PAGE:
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Canadiens 3, Flyers 2: 10 things we learned from another pathetic shootout

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At this point, the Flyers have to know that they need to win all of their games in regulation or overtime. They simply cannot depend on the shootout for two points.

Jean-Yves Ahern-USA TODAY Sports

Morning Observations is a feature where we break down the previous night's game with an analytical eye.

  • There are two ways to look at this game, depending upon your outlook on the season. If you've given up on the Flyers' chances of making the playoffs, last night's loss to the Canadiens probably doesn't bother you too much - Shayne Gostisbehere continued his point streak, and Philadelphia looked like the better team for a majority of the contest. But for those who are still holding out hope that the Flyers can slip into the postseason, this one hurt. Philadelphia had two leads in the game, if you count the Nick Cousins shootout goal that briefly gave the Flyers the edge in the skills competition. Unfortunately, Montreal stormed back both times, and finally gained the edge with a Paul Byron shootout snipe. For a team in the race, process matters far less at this point than results, and even though Philadelphia won all of the key statistical battles, they lost the most important one on the scoreboard. In the end, that's really all that matters.
  • Regardless of the outcome, fans of both teams would have gotten their money's worth had they only watched the 3-on-3 overtime session. The Flyers and Canadiens combined for seven scoring chances, and most of them appeared ticketed for the back of the net. Philadelphia had a Brayden Schenn breakaway and Shayne Gostisbehere trying to finish a two-on-one, while Montreal had a furious flurry in which Tomas Plekanec missed an open net and Alex Galchenyuk was robbed by Michal Neuvirth's glove right on the doorstep. It was end-to-end action, and only two fantastic performances from the respective goaltenders sent this game to the shootout.
  • The first period may have ended with the score knotted at 1-1, but both tallies fell in the category of "extremely fluky." First, Dale Weise was credited for beating Michal Neuvirth, when it was really Flyers defenseman Nick Schultz who accidentally directed a centering pass through the crease and past a startled Neuvirth. Only ten seconds later, Philadelphia would earn an unlikely goal of their own. Following the faceoff, Nick Cousins corralled the puck and skated down the left wing, wristing an unassuming shot ticketed for the top corner but expected to land right in Habs goalie Mike Condon's glove. Instead, Condon misplayed a shot that should be automatic for all NHL netminders. It's incredible to think that by the end of the game, Condon would be the Canadiens' hero after the extremely soft goal that he allowed early in the contest.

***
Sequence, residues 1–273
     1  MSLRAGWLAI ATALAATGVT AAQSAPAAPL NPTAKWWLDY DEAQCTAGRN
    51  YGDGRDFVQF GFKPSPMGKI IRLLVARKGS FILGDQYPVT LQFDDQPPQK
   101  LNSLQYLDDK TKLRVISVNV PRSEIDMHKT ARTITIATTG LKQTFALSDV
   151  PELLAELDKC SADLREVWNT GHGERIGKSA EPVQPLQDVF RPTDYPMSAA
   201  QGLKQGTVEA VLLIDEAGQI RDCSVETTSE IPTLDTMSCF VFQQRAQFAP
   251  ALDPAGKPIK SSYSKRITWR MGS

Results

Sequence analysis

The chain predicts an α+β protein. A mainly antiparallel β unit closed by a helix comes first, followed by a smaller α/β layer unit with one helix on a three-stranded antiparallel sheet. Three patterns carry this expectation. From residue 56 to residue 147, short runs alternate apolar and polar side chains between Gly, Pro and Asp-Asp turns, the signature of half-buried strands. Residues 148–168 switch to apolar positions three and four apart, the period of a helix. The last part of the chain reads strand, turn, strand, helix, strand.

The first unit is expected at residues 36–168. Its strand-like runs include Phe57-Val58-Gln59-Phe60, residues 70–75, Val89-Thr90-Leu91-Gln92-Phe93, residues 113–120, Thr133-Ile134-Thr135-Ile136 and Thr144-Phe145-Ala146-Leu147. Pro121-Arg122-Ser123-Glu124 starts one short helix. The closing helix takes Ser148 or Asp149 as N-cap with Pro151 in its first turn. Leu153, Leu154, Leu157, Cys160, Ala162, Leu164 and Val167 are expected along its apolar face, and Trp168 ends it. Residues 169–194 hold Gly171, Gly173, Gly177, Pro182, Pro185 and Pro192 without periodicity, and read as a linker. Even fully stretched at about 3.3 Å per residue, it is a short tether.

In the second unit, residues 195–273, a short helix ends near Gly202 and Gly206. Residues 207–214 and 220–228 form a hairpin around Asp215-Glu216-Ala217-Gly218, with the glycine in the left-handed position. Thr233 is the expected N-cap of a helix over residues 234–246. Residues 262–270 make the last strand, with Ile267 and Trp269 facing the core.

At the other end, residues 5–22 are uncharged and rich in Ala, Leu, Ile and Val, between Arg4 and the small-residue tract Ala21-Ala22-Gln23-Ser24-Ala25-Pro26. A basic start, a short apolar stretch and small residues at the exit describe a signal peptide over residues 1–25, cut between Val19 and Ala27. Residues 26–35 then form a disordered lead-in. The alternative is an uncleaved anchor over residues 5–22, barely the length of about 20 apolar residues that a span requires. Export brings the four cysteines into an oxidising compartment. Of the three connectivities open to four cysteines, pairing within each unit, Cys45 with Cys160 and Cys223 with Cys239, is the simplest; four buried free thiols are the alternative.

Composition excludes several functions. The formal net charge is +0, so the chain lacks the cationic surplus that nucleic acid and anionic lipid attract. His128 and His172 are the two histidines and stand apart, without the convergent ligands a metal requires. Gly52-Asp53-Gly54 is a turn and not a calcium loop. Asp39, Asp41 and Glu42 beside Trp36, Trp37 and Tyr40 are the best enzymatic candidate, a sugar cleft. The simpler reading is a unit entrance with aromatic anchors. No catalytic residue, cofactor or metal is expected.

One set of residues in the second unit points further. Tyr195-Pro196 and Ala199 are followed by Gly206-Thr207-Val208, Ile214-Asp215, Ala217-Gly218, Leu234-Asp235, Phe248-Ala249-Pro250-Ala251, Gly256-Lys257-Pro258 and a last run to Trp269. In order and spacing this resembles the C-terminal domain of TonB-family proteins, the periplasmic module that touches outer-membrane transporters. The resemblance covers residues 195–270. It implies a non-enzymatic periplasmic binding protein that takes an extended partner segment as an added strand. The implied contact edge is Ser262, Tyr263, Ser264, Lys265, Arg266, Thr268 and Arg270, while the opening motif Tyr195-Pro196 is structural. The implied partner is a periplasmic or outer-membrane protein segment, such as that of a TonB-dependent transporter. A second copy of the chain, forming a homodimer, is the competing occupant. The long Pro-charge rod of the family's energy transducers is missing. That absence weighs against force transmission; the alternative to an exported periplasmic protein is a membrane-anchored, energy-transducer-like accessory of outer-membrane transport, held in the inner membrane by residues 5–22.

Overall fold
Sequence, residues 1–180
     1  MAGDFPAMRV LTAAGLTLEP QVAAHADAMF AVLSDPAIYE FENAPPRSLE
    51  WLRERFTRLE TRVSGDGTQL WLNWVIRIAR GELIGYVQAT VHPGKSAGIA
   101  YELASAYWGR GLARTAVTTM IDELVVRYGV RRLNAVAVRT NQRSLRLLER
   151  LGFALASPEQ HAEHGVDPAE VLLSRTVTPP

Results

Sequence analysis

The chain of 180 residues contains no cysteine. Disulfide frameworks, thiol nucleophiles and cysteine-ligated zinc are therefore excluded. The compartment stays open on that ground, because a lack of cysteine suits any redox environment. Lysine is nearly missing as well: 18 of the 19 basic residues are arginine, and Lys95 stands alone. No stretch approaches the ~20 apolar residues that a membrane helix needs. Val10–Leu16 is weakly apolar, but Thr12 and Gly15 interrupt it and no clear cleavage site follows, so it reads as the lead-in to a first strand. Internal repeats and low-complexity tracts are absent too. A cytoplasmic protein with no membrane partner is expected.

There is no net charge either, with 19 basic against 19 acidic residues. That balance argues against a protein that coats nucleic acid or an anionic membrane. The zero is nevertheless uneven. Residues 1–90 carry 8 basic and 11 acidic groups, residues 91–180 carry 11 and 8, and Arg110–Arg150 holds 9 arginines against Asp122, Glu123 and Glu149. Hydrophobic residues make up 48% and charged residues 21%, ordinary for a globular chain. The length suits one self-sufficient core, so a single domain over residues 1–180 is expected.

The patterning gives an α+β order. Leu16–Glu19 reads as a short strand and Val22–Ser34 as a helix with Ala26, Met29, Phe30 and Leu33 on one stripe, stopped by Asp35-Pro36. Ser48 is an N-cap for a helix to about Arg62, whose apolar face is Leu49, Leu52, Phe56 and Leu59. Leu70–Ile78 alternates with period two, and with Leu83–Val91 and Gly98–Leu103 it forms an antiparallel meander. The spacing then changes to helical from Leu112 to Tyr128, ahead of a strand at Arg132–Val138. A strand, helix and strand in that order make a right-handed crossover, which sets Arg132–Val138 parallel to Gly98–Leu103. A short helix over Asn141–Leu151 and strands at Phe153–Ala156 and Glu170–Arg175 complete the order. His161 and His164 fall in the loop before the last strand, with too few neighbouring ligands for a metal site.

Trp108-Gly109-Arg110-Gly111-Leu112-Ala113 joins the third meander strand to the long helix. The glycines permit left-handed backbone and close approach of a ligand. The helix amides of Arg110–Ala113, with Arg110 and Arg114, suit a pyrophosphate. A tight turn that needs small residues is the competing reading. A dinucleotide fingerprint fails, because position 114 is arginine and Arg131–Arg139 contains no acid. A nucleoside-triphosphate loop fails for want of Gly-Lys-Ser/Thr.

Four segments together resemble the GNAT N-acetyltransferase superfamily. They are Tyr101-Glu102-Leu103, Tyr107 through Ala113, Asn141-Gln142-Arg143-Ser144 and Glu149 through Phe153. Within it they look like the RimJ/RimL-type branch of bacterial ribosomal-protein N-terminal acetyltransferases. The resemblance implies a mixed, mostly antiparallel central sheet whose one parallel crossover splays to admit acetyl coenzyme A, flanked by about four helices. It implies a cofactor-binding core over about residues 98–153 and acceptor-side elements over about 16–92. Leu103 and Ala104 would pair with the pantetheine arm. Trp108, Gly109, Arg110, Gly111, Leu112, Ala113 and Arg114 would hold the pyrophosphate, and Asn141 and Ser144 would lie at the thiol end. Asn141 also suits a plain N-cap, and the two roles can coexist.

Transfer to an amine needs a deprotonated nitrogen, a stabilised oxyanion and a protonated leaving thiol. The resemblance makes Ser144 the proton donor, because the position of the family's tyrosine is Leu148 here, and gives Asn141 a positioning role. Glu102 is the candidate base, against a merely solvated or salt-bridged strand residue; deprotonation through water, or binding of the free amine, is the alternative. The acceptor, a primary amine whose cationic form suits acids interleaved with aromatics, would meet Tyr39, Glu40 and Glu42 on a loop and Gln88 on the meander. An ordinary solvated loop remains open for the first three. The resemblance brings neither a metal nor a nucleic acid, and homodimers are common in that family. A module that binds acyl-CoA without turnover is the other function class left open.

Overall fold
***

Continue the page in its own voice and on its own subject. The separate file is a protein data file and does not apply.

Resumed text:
• For two periods of hockey, Flyers head coach Dave Hakstol did something that he has rarely done this season - he used the "fourth" line of Chris VandeVelde, Pierre-Edouard Bellemare and Ryan White as his actual fourth line in terms of even strength ice time. The units centered by Nick Cousins and Michael Raffl were leaned on heavily, and both were successful in driving play in the right direction. Unfortunately, once the game tightened up in the third, Hakstol fell back into his old habits, leaning on the Bellemare line heavily, likely in an attempt to avoid backbreaking mistakes. In fact, Ryan White actually led all Flyers' forwards in 5v5 ice time in the third. Somehow, the trio has earned a reputation of reliability and soundness despite being the team's worst line (by far) in defensive zone shot suppression. Sending out Bellemare and his linemates in a tie game is a recipe for bleeding shots and chances against, and unfortunately, it's a trap that the Flyers coach fell back into last night.
  • It doesn't happen often, but Flyers captain Claude Giroux had a legitimately terrible game against Montreal. Giroux took three minor penalties, including a third period hooking minor that ended up helping to create the Canadiens' game-tying goal. It was noticeable that the penalties were getting into the star forward's head, as well. On more than one occasion, Giroux let up in tight defensive zone coverage, clearly afraid that he would be whistled for yet another infraction. That may be part of the reason for his poor even strength on-ice shot attempt differentials, as he finished the game with a 44.83% Corsi For - worst among Flyers forwards. Even with his subpar game, Giroux still had a chance to win it for Philadelphia late in the third period, but he was taken out by a headshot in the crease area from P.K. Subban. Of course, the contact went uncalled by the officials, a fitting way to end a very frustrating game for Giroux.